And the elderly? My mother lives in an assisted living center. She currently does not have a driver's license (nor should she!). However, she does vote in every election - primaries and all. So far she has gone to the polling place to vote, but it's rapidly approaching the stage where she may want to vote via absentee ballot.

Have our G.O.P. friends addressed this part of the issue?

These are all issues...

... that would have to be dealt with when the GOP writes the bill and before they introduce it. Of the few states that have enacted these laws, a few provide exemptions for certain groups -- meaning the law is applied unevenly. We have no way of knowing how draconian the NC GOP will attempt to make their bill, but early indications are that it will restrictive in the extreme.

The one thing you will find cross all states with this law and that will absolutely happen here if this law is enacted: the number of POOR people who are off the grid or on the fringes but who want to vote and have the right to vote will drop dramatically as it will become much harder for poor people to vote regularly.

I think this angers me more than anything else -- do we not already live in a completely divided society? We have one set of rules for the rich; another for the poor. One kind of justice system for people with money; quite another kind of justice system for people without. And so on.... must we also now add the one thing that equalizes us all -- voting -- to this list? The founding fathers would be ashamed.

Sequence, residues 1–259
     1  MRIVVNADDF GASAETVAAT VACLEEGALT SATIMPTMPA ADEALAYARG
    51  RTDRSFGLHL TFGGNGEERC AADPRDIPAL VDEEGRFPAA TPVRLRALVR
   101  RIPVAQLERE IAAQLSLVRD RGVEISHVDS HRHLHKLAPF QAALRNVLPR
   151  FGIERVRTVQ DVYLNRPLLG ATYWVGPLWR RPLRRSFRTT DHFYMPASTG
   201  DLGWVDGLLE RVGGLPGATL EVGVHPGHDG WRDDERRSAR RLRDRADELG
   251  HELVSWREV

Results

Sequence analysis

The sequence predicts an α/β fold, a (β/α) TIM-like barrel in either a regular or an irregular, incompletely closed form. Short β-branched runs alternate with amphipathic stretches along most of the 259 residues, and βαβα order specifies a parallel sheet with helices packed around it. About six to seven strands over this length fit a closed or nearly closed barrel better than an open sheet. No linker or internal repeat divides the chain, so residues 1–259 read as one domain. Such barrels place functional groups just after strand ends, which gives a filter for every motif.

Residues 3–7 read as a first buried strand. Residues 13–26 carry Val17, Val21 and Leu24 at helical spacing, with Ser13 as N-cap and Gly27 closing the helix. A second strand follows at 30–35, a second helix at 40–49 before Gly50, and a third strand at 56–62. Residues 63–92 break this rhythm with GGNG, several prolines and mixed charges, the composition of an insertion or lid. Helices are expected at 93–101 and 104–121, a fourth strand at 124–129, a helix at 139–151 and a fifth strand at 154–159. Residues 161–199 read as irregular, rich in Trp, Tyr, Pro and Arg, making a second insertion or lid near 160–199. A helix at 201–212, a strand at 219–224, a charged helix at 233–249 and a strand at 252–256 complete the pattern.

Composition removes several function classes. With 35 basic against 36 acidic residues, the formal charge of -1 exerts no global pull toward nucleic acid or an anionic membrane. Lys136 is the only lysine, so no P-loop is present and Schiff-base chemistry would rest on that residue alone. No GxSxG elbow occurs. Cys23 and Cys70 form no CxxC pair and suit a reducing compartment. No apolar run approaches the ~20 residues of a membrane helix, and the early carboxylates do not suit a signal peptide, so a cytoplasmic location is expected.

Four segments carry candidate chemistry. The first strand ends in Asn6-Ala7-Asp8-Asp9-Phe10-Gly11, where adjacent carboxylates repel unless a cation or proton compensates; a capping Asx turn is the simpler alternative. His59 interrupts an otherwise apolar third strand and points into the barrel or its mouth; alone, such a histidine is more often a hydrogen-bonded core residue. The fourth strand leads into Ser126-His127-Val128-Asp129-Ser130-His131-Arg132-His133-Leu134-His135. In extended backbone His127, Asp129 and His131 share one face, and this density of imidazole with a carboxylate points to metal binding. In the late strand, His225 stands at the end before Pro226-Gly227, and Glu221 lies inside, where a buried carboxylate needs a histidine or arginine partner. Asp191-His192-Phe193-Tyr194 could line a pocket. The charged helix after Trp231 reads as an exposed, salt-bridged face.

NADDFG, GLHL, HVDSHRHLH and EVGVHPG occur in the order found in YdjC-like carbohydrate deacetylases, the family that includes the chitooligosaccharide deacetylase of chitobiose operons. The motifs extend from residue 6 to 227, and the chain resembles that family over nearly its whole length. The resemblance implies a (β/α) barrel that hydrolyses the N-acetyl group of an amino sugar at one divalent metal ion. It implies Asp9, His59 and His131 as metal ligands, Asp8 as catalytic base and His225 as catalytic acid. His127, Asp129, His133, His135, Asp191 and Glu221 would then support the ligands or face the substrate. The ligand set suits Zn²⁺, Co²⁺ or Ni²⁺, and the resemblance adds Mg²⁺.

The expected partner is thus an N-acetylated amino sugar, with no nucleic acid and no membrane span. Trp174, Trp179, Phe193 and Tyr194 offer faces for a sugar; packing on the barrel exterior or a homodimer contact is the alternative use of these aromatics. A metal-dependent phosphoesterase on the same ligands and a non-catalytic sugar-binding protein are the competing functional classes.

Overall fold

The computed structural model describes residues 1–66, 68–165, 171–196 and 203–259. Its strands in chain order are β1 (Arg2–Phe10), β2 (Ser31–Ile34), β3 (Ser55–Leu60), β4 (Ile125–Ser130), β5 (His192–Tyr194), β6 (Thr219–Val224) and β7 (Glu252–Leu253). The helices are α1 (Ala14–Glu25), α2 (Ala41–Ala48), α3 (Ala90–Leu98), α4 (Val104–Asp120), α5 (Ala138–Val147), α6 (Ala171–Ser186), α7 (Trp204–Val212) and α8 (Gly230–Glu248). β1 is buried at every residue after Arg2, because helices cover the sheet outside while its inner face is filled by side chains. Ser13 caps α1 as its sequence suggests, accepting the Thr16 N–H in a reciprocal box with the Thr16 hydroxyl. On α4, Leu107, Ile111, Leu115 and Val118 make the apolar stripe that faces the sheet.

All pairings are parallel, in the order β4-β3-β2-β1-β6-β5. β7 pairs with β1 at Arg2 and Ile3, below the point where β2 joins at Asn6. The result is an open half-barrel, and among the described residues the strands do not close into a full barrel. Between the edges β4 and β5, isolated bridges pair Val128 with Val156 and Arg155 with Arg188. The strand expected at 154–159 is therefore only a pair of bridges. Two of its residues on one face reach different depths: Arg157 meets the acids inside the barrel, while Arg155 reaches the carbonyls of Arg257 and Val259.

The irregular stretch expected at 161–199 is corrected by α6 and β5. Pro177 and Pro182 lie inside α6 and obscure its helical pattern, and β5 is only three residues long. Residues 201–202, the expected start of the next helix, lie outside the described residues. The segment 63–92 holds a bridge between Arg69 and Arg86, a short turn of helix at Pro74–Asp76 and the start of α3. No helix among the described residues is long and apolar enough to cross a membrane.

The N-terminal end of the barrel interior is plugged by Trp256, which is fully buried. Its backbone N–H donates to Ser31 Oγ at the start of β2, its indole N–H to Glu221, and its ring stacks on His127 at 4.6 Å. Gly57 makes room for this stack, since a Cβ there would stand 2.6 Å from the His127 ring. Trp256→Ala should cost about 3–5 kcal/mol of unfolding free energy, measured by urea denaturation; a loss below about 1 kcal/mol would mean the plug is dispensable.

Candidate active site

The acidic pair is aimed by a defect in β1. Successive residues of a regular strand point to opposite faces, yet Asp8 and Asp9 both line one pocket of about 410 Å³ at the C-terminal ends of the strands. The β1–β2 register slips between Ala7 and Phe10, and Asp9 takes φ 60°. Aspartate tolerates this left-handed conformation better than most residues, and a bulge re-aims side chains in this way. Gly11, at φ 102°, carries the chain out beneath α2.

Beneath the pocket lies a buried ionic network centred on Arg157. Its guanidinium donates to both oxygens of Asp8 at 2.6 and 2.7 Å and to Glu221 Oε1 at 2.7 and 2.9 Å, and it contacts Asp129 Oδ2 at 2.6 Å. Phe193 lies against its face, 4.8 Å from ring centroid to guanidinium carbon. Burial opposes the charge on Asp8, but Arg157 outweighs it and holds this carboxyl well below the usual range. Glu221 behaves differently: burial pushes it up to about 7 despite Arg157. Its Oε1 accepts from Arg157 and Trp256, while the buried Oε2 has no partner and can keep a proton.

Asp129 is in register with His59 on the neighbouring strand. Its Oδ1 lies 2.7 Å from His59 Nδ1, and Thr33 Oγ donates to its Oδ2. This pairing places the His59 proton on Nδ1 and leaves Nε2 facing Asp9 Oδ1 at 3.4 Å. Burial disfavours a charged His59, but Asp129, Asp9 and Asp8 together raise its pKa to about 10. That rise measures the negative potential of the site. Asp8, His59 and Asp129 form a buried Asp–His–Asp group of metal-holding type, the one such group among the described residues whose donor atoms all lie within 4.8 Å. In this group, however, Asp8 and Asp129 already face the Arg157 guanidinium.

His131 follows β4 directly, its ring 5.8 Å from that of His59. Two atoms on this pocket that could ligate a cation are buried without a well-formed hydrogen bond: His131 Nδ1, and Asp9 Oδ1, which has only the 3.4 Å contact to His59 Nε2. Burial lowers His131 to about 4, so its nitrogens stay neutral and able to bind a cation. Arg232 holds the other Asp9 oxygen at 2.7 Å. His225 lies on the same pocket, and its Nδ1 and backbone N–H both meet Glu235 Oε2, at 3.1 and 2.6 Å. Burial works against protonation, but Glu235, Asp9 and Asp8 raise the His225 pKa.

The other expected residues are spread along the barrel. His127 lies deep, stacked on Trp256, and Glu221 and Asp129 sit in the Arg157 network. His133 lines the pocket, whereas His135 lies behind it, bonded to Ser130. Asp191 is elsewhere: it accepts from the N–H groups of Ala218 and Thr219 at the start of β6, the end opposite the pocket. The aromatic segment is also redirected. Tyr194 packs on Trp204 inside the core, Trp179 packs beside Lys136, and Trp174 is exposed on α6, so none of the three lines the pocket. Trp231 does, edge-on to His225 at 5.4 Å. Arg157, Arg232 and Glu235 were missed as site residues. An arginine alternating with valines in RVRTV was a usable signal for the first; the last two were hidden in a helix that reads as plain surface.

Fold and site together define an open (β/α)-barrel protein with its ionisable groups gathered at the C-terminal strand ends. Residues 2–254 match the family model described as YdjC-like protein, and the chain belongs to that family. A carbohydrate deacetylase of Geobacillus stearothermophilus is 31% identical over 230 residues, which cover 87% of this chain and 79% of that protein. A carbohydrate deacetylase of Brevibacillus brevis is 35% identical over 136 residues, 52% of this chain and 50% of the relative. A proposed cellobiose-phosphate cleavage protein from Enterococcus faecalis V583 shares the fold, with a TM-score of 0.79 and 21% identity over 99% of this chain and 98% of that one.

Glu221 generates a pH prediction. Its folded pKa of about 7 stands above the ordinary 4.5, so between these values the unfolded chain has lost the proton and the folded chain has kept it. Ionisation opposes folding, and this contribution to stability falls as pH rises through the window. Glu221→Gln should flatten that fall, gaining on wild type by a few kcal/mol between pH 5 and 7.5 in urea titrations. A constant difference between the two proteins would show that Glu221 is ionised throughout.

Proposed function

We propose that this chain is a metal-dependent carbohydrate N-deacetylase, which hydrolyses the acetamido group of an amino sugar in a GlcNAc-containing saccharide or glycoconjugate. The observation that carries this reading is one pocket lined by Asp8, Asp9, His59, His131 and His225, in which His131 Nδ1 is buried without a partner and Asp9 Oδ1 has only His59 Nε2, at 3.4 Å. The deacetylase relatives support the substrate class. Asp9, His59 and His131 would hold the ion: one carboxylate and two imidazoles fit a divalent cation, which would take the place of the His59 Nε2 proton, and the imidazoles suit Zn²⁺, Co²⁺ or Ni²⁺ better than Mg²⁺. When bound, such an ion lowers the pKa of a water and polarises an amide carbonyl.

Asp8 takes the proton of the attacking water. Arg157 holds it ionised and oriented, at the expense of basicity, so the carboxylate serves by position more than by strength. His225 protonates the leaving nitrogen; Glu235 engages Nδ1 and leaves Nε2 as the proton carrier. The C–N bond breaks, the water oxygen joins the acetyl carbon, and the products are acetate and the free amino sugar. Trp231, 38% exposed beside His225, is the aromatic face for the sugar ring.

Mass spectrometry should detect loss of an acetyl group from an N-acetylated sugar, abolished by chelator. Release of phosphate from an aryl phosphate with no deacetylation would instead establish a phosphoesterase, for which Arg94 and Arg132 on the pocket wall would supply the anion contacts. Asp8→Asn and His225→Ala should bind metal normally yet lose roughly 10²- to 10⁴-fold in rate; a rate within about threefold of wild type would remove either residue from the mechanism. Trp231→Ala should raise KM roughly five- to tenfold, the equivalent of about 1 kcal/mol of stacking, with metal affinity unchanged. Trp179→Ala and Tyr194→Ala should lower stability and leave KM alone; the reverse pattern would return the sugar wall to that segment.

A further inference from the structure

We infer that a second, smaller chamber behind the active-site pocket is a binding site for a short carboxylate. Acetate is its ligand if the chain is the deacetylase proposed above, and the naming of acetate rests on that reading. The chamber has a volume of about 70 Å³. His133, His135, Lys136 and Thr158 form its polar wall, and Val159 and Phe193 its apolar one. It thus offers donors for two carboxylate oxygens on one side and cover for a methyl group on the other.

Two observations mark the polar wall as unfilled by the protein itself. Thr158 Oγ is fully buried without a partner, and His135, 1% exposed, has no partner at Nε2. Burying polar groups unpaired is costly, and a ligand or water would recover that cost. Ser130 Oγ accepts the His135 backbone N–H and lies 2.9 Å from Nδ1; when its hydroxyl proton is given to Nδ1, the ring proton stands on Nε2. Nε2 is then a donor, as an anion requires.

Katy Munger,
Progress North Carolina Action
www.progressncaction.org

Lead, follow or get out of the way....

I forgot to say

Thank you for replying and for your thoughtful answer, Linda! If you or anyone else thinks of other groups that would be disproportionately affected by this law -- or if you know individuals who would be affected by this law -- please let me know.

Katy Munger,
Progress North Carolina Action
www.progressncaction.org

Lead, follow or get out of the way....

Thanks for highlighting this

So why do Republican leaders and Pope Civitas want to add a new barrier to voting? Because it would mostly affect voters they don’t like, including thousands of people of color, students, people with disabilities and poor voters who don’t have a current photo ID.

How many of you have a driver's license or passport with your current address on it?